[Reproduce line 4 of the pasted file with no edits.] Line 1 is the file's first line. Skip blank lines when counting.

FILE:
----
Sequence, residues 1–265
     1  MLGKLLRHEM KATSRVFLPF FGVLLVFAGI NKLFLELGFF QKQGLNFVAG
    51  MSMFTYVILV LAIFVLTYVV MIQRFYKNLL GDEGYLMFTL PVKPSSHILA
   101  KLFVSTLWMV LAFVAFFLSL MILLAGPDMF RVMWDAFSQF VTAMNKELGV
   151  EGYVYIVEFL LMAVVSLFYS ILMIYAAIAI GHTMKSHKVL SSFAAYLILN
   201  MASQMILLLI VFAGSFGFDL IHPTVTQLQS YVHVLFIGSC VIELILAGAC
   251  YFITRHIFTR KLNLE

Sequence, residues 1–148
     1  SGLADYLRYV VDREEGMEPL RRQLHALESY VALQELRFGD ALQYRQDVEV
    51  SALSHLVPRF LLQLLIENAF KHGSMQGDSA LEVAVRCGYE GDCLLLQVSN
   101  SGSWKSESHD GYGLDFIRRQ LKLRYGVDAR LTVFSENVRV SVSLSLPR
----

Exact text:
   101  KLFVSTLWMV LAFVAFFLSL MILLAGPDMF RVMWDAFSQF VTAMNKELGV